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Comparing the retention mechanisms of tandem duplicates and retrogenes in human and mouse genomes.

Wang Z, Dong X, Ding G, Li Y - Genet. Sel. Evol. (2010)

Bottom Line: The duplicability of tandem duplicates is also higher than that of retrogenes.However, positive selection seems to play significant roles in the retention of both types of duplicates.We propose that dosage effect is more prevalent in the retention of tandem duplicates, while 'escape from adaptive conflict' (EAC) effect is more prevalent in the retention of retrogenes.

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Affiliation: Key Lab of Systems Biology, Shanghai Institutes for Biological Sciences, Chinese Academy of Sciences, 320 Yueyang Road, Shanghai, PR China.

ABSTRACT

Background: Multiple models have been proposed to interpret the retention of duplicated genes. In this study, we attempted to compare whether the duplicates arising from tandem duplications and retropositions are retained by the same mechanisms in human and mouse genomes.

Results: Both sequence and expression similarity analyses revealed that tandem duplicates tend to be more conserved, whereas retrogenes tend to be more divergent. The duplicability of tandem duplicates is also higher than that of retrogenes. However, positive selection seems to play significant roles in the retention of both types of duplicates.

Conclusions: We propose that dosage effect is more prevalent in the retention of tandem duplicates, while 'escape from adaptive conflict' (EAC) effect is more prevalent in the retention of retrogenes.

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Role of positive selection. (A) Comparison of dN/dS ratios for tandem duplicates and retrogenes (log-scale). The non-synonymous substitutions in most duplicates are under selective constraints (dN/dS < 1); there is little difference in the dN/dS ratios between both types of duplicates (human: p = 0.607, mouse: p= 0.257, t-test) (B) Distribution of the duplicates before and after the split of human and mouse lineages (≈80 million years ago [33]). dS/2 was used to estimate the duplication age, which can be translated to the absolute time scale by using 2.5e-3 substitutions per site per million years [9]; there are significantly more tandem duplicates and retrogenes arising in the mouse-specific lineage (p < 1e-4 for both types, chi-square test)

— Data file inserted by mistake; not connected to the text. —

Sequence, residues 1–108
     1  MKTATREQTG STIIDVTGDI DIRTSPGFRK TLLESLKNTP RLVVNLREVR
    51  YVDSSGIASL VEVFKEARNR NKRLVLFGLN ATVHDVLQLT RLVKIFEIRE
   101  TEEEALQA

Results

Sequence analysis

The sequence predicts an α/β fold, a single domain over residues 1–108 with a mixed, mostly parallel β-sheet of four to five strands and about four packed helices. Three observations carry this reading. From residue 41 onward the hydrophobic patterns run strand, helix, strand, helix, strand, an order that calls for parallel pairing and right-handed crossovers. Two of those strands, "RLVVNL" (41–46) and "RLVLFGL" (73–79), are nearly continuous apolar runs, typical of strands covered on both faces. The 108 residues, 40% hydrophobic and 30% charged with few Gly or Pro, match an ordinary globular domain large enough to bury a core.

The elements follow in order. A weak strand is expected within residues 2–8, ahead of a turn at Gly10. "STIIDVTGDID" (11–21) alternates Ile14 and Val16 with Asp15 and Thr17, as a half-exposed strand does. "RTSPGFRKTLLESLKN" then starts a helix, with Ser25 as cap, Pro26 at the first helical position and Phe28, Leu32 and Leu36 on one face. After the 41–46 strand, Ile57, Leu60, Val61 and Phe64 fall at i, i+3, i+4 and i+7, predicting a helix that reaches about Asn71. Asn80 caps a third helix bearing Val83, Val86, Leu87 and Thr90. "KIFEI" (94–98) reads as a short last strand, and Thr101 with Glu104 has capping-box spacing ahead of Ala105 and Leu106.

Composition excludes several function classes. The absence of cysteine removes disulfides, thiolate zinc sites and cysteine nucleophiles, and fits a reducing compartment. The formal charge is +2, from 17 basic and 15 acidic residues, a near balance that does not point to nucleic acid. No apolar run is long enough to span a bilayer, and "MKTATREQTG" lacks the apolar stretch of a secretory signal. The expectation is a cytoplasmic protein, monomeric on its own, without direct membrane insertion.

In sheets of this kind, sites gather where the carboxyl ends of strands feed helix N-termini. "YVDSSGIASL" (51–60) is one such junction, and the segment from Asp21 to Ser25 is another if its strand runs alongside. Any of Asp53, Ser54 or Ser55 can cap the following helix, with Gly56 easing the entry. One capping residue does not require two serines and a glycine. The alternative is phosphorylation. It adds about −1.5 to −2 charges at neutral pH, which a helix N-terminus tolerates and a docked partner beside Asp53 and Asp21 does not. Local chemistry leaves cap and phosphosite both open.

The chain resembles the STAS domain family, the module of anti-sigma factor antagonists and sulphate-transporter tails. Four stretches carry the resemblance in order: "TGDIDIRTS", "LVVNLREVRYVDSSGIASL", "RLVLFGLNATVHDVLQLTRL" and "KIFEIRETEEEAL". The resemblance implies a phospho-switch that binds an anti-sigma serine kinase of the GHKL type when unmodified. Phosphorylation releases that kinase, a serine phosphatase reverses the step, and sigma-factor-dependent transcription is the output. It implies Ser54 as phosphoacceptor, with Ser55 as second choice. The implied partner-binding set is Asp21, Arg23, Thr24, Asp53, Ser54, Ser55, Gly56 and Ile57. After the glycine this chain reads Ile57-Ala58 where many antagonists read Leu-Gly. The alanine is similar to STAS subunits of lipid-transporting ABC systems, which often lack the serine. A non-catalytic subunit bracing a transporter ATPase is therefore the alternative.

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Figure 4: Role of positive selection. (A) Comparison of dN/dS ratios for tandem duplicates and retrogenes (log-scale). The non-synonymous substitutions in most duplicates are under selective constraints (dN/dS < 1); there is little difference in the dN/dS ratios between both types of duplicates (human: p = 0.607, mouse: p= 0.257, t-test) (B) Distribution of the duplicates before and after the split of human and mouse lineages (≈80 million years ago [33]). dS/2 was used to estimate the duplication age, which can be translated to the absolute time scale by using 2.5e-3 substitutions per site per million years [9]; there are significantly more tandem duplicates and retrogenes arising in the mouse-specific lineage (p < 1e-4 for both types, chi-square test)

Mentions: As mentioned in the section Background, the retention mechanisms are determined by both functional divergence and evolutionary forces. To compare the evolutionary forces for both types of duplicates, we first performed the traditional dN/dS analysis (Figure 4A). The result shows little difference in the dN/dS ratios between tandem duplicates and retrogenes (human: p = 0.607, mouse: p = 0.257, t-test). In addition, the non-synonymous substitutions in most duplicates are under selective constraints (dN/dS < 1).